And, sort of amazingly, even older things get better than they were. We’re far better at growing food than we were 150 years ago, and we’re better, more effective manufacturers than we were 70 years ago. So, while we ride the wave of change, remember that we will find a way to build on what we’ve done. The “information economy” we’ve been building for the last 30-40 years I view as kind of developing a ‘central nervous system’ for us as a culture. But what brain will form from this?
October 20, 2011 · 11:51 pm
Not everything here on End of Work….we’re looking to get out of this mess we are in as both individuals and as a nation.
So we’re starting to see that the frustration with the current way things are is now leading to the rejection of the Old Ways and we begin to search for the new. This article in the Atlantic is one of several that are starting to point the way. Now, I’m as sure about how much these changes will come from any one geographic region, as this writer is stressing the South, but let me give you a nice quote from it I really liked.
Most places, he says, might as well be sprayed with “startupicide.” Startupicide is what damps down and repels startups and those who would build them. “I could see the average town was like a roach motel for startup ambitions,” he writes. “Smart, ambitious people went in, but no startups came out.”
Startups are fragile things by their very nature — few succeed even under the best of circumstances. What makes Silicon Valley and a very few other places different, he noted, was that their culture contained an antidote to Startupicide — such places embrace an ethos that encourages rather than crushes startups and the broader mentality from which they grow. “The problem is not that most towns kill startups. It’s that death is the default for startups, and most towns don’t save them,” Graham notes. “Instead of thinking of most places as being sprayed with startupicide, it’s more accurate to think of startups as all being poisoned, and a few places being sprayed with the antidote.”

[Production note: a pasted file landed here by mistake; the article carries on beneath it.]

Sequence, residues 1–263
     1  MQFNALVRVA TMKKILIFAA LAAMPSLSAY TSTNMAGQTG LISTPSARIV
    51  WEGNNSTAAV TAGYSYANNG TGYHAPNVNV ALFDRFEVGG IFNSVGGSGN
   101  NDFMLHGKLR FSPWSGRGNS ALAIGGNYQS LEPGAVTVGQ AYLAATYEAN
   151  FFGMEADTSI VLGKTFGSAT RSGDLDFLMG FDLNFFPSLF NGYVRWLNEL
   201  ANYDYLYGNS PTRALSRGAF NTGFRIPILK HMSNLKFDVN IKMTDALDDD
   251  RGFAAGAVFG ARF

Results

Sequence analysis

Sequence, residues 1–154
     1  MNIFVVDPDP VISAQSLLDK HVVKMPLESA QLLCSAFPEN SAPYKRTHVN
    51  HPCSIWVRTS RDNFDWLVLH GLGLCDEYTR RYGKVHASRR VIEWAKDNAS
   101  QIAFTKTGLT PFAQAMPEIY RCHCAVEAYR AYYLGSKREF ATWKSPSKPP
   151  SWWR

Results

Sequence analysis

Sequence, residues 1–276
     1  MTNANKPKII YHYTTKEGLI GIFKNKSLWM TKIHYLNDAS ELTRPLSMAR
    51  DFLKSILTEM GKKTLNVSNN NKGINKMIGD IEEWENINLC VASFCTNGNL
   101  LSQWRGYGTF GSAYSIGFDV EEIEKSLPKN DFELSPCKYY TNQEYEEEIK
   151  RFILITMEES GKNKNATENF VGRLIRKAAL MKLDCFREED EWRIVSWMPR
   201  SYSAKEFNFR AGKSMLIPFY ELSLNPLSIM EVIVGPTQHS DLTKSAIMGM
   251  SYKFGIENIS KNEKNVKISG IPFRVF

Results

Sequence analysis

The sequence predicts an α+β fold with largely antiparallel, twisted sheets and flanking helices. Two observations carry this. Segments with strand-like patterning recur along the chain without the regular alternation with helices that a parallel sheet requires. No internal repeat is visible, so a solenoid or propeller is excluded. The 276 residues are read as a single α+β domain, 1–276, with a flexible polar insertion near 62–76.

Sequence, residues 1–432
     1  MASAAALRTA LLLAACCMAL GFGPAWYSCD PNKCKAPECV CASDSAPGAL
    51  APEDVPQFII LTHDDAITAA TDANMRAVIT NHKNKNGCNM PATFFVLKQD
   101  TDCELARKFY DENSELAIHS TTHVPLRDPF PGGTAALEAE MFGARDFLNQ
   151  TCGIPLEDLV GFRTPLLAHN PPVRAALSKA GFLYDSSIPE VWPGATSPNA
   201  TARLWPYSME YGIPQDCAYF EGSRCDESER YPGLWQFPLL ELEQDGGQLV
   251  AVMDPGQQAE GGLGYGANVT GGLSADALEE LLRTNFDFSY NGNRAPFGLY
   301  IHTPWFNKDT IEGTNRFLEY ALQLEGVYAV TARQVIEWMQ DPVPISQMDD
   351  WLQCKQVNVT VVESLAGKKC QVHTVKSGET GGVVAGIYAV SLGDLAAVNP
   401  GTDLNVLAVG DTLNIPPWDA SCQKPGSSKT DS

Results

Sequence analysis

Jane Jacobs identified almost exactly the same dynamic when I asked her some years ago why only a handful of places pioneer innovations and unleash the creativity of their residents, while most are content to sputter along, stagnate, and even die. “Each and every community,” she told me, “is filled with lots and lots of creative and innovative people.” The trouble is with a small core of people she dubbed “Squelchers,” who are instinctively opposed to doing anything new or different. Unfortunately, these people are often a town’s business and political leaders. You’ve probably seen them in action; maybe you’ve even bumped up against them yourself.
Only a handful of places are endowed not only with a great research university, but a culture that tolerates and actively encourages risk-taking. Most places prefer to play it safe. But doing more of the same is hardly an option when your prospects are as bleak as they are for so many cities these days. The economic crisis has brought us to a great tipping point, what I have elsewhere termed a Great Reset — an epoch when creative destruction spreads from technologies and industries to society, culture, and geography at large; when new business models, new institutional systems, and new geographic clusters of innovation and risk-taking come to the fore. A Great Reset is one of those rare occasions when “Squelchers” and their old squelching ways are transcended, when more and more people and places can get access to the antidote to startupicide.